Attention to the SMALL things!
Just before Christmas a class of 18 students committed one morning to the opposite of buying: our waste! On December 1st the junior class from Araura College together with a science teacher and myself endeavoured a beach clean-up in the North of Aitutaki. This initiative intended to 1) clean the beach off any man-made debris that was visible, 2) educate the kids about plastic waste and to which extent it can be harmful to the environment and 3) be a fun activity to see who can find the smallest piece of waste. Along a distance of 1.6 km, from the very popular Base One beach towards the Golf Club, the group searched an area of almost 2 hectares over the course of 1 hour. After a few days of sorting and weighing of all individual pieces, findings were surprising:
A total of 1264 pieces of debris were collected (see graph below). Highest percentage of waste in amounts was plastic, followed by glass and aluminium.
The total weight reached 14,12 kg- That is equivalent to a three-year-old child!
118 aluminium cans, 351 pieces of glass, 612 pieces of plastic and 42,4 meters of fishing nylon and other rope, 15 pieces of shoe soles, were collected.
The biggest piece was a large part of metal roofing, the smallest piece of plastic was barely visible and well below the mm scale.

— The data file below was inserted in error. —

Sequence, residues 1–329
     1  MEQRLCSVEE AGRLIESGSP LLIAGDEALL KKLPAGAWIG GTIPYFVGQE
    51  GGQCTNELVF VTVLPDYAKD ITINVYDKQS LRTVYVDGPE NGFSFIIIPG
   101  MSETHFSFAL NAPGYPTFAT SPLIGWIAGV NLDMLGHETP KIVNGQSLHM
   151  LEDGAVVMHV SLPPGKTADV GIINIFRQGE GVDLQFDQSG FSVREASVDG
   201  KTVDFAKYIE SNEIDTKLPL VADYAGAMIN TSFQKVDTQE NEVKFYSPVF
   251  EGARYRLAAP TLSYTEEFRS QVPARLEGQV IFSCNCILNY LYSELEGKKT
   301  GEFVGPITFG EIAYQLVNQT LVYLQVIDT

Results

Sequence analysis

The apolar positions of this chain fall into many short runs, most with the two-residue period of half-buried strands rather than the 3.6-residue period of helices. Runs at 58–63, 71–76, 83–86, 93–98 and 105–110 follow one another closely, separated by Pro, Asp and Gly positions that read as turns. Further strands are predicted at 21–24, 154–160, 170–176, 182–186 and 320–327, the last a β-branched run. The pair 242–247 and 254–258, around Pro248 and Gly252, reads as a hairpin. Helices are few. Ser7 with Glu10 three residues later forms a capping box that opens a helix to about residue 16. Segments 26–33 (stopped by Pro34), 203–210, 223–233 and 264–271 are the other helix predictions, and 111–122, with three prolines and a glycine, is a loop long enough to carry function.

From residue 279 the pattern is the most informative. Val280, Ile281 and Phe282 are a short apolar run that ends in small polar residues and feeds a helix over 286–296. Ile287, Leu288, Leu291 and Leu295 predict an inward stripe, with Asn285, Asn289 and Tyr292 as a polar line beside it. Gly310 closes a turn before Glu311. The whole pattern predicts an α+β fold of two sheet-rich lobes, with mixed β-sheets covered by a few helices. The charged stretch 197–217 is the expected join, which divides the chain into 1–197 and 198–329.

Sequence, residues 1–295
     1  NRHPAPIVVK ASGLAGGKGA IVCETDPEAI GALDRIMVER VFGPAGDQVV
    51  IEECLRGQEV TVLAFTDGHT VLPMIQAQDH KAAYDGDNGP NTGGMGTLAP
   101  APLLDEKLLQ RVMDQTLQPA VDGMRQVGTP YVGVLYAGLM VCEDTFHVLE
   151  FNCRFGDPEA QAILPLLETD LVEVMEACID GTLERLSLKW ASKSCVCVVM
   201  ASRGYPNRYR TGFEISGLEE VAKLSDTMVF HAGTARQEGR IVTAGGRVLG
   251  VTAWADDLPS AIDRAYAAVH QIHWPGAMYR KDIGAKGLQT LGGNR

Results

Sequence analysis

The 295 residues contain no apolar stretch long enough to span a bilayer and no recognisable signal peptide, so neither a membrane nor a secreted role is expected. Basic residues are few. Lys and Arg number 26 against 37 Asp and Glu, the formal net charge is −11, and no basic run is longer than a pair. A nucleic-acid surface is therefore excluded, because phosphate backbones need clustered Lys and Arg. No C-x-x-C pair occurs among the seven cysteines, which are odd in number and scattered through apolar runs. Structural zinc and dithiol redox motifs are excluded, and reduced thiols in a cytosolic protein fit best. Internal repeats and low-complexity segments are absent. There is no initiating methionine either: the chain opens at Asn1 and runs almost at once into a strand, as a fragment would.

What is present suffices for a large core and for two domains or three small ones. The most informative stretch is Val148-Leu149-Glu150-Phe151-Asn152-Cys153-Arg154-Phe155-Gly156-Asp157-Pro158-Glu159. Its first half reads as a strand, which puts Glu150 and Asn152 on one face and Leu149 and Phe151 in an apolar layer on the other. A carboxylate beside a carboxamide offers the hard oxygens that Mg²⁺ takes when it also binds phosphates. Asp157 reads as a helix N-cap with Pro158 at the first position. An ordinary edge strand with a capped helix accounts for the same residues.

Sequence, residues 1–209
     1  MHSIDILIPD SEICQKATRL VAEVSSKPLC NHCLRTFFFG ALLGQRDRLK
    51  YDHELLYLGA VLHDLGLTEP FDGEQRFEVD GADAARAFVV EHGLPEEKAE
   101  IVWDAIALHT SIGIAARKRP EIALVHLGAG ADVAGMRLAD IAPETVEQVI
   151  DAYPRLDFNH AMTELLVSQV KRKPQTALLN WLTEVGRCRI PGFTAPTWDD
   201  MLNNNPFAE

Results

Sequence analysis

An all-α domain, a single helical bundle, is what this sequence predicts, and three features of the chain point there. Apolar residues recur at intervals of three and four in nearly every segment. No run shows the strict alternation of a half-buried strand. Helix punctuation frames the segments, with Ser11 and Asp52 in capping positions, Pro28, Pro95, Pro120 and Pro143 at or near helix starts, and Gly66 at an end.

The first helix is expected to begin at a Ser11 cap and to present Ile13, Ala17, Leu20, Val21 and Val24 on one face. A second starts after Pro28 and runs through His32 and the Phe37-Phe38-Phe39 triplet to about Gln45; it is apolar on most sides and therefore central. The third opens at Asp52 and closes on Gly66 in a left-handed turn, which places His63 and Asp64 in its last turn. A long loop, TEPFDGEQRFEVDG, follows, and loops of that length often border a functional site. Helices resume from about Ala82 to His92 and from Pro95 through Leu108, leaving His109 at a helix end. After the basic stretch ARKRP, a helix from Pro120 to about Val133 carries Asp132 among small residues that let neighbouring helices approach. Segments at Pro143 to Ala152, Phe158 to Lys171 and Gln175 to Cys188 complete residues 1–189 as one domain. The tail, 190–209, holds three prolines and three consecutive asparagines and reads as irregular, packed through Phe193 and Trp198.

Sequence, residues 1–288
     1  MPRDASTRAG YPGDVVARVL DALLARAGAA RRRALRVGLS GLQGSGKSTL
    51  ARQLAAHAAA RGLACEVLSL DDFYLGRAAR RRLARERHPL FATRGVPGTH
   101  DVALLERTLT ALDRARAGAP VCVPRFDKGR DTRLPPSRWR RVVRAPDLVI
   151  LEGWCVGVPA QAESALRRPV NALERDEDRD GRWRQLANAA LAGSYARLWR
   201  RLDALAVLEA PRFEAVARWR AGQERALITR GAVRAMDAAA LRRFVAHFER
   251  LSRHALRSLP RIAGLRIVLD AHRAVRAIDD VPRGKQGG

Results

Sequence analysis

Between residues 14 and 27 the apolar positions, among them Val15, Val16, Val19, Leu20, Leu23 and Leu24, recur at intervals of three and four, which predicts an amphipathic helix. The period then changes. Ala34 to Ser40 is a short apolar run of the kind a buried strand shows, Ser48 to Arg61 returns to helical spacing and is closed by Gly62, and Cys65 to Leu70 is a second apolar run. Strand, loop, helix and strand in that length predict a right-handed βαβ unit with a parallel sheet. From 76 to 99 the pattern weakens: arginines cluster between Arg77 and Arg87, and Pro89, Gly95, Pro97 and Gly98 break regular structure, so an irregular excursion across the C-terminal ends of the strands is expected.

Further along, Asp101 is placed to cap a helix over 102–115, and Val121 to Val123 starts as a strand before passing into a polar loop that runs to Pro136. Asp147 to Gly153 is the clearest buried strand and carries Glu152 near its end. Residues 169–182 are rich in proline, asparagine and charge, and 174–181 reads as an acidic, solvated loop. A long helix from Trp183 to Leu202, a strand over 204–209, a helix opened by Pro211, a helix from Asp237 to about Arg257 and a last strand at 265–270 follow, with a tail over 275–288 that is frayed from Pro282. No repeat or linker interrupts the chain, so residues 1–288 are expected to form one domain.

Students learned that the shape, colour and size of the debris can tell us a lot about its origin, age and material. Most of the waste is land-derived and originates from people discarding their waste either on the beach or into the bush where it is washed towards the sea by rain. A surprising amount, however, is seabourne and floating debris, such as plastic can travel thousands of kilometres across the Pacific to eventually end up on Aitutaki’s shores. Some of these plastics were collected by the students and showed origin in French Polynesia, China, Korea and even Peru!
Plastic breaks down very slowly, can therefore be very old and state a serious long-lasting threat to marine animals.
Most impressive was the level of enthusiasm that the kids took on to look for the tiny plastic/glass pieces that lie in the sand. At the end we all searched the smallest piece that we collected and- it is incredible- but many pieces were smaller than 1mm and my caliper did not cover these small size ranges anymore.
“Well done and merry Christmas with a little more attention to the things we throw away- ideally straight into the bin!”